One of the most dangerous words in the English language is “partial”. After a big snowstorm, for instance, the news may report that streets have been partially cleared. Those few patches of snow and ice are still treacherous. In fact, the cleared spots can cause us to be too confident about our ability to navigate.
Jesus’ mother once gives some good advice that we should still follow today: She says, "Whatever He says to you, do it" (John 2:5). Paul told the Ephesian elders that he had not shrunk from declaring the whole purpose of God unto them (Acts 20:27).
Preachers today, too, must preach God’s whole counsel, not just the parts that may be popular in the current generation.
Second Timothy 4:2-4 commands: preach the word; be ready in season and out of season; reprove, rebuke, exhort, with great patience and instruction. For the time will come when they will not endure sound doctrine; but wanting to have their ears tickled, they will accumulate for themselves teachers in accordance to their own desires; and will turn away their ears from the truth, and will turn aside to myths.
A small church just getting started couldn’t afford a sign to go in front of their building. The furniture store in town got a new sign about that time and gave the church their old one. It even lit up at night! They painted over it and put it out front. After some years, though, the paint began to peel. It said, The church of Christ meets here. And where the paint had peeled off it read (underneath): Easy Terms. We must never make easier terms than Jesus gave! Jesus said, And looking at him, Jesus felt a love for him, and said to him, "One thing you lack: go and sell all you possess, and give to the poor, and you shall have treasure in heaven; and come, follow Me" (Mark 10:21).
Sum is much better than some.
Isn’t it marvelous to understand that our treasure is worth more than we possess? Isn’t it remarkable that we have a text that is completely understandable and entirely truthful? May we all give the sum of our spirit to follow the sum of His Word!
"Words that soak into your ears
are whispered, not yelled."
I'm excited to announce that the Gilder Lehrman Institute of American History (GLI) has recruited me to provide support for one of next summer's online teacher seminars.
The partial message from GLI is below:
We have been hard at work planning our 2023 summer professional development, which includes a slate of twelve Teacher Seminars held online this coming summer.
This seminar examines Spanish, French, Dutch, and British encounters with Native peoples of North America during the initial centuries of colonization: 1492–1800. It combines the “Atlantic” approach to early America with a “continental” approach that accords dynamism and agency to Native peoples and enslaved African peoples in their relations with colonizers. This seminar defines colonial America broadly, extending beyond the British colonies of the North American coast to include New France, New Spain, and the West Indies.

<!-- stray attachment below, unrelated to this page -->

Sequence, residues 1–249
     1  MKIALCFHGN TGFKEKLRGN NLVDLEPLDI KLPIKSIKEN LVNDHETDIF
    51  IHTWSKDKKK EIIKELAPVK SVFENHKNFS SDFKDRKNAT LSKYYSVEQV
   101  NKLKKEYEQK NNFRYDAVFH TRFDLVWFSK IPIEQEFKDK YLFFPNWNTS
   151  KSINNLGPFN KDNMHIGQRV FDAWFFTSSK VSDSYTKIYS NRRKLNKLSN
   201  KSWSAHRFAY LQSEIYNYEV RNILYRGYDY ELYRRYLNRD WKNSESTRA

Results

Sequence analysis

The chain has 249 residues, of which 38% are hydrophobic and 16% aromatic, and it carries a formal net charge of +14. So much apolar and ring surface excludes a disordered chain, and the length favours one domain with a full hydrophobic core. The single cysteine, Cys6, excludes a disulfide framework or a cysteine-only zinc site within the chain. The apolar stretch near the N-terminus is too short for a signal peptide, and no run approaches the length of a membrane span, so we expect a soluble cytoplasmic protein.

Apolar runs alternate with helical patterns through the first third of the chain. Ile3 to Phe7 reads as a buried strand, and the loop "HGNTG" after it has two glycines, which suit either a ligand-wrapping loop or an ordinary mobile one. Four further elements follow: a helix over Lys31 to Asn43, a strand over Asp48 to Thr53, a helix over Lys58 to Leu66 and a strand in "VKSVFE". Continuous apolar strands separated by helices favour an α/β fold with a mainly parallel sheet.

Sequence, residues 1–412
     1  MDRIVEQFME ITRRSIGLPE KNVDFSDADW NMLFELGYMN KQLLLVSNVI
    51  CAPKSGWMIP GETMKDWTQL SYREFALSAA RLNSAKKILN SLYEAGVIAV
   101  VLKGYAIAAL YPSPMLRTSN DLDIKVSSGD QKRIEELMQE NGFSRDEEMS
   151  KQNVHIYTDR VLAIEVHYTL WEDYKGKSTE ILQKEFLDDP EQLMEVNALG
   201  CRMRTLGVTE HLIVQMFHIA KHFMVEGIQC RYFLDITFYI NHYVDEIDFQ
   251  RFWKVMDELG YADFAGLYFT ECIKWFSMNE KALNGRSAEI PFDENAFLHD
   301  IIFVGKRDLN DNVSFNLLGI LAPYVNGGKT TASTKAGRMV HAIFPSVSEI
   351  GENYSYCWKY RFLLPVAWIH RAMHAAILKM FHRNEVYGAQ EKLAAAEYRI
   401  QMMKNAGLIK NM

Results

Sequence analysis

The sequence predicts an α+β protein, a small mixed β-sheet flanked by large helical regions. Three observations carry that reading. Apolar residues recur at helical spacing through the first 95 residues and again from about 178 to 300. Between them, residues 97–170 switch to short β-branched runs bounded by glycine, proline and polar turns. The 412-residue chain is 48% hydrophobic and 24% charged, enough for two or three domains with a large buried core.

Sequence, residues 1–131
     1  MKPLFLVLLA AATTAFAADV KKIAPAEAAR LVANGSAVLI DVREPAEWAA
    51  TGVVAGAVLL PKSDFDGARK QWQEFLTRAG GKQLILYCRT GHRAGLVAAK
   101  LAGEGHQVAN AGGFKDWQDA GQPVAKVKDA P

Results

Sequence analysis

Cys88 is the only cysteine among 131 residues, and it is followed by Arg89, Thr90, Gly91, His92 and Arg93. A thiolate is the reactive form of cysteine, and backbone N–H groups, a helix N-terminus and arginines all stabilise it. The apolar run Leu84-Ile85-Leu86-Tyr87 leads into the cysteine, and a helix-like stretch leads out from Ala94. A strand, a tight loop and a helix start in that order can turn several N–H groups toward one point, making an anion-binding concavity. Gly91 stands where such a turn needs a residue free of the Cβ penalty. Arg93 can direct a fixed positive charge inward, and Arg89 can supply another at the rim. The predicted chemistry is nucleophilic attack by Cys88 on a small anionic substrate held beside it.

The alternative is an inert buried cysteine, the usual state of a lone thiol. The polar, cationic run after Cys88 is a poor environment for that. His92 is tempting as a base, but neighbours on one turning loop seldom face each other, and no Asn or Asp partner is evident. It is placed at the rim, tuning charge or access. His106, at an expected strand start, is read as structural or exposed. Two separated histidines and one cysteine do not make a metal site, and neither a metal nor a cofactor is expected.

I know that I will learn more than the participants as I prepare for the seminar.
The responsibility laid at the feet of this young virgin girl is tremendous. Perhaps it was not the fear of the angel that Gabriel told Mary to dismiss as much as it was the fear of what was to come. After all, her responsibility does not end at the manger: she is going to raise and protect this "Son of the Most High" throughout His life. David's throne is at stake if she fails. The house of Jacob is at risk.
But the angel tells Mary not to fear because she has found favor in God's sight. The Boy's Name will be Jesus, meaning "God is Salvation". God will protect His Son, the throne of David is safe, the house of Jacob will remain, and kingdom being established will last for eternity. This is God's only begotten Son (John 3:16), and His Plan will not - can never - be derailed. There is a lot of power in that thought. With the protection of His Son and His Plan, comes the protection of faithful believers as well.
It is important to note that no one bows down to Mary. At no point in inspired Scripture is there any instruction to pray through "the mother of God". She is never established as an intercessor for our prayers. The Son is the Intercessor. It is through Jesus that we find our connection with the Father. No other human has the authority to approach God directly as a go-between or interpreter of our prayers.
We know the educational system is not perfect, but that should not keep us from recognizing places that could be improved. In a series of articles that identify a number of areas where the system could be corrected and placed on a better trajectory, I am offering some suggestions to that effect. What you read below is the fifth installment.
I hope that someday we stop repeating the cycles that have proven to fail our pupils. When do educators finally begin to learn from history and correct the mistakes of those who have come before us? There is no reason we cannot tweak things to make them constantly improve rather than all the time throw out the babies with their bathwater!
Our daughter tackled a major new adventure at the University of Oklahoma, with her first extended stay away from home, marching with the Pride of Oklahoma, and working with the campus outreach center, even planning to participate in a Spring Break mission trip in Arizona.
Our son began his new life as a Christian, after making the most decision of his life to be immersed for the forgiveness of sins.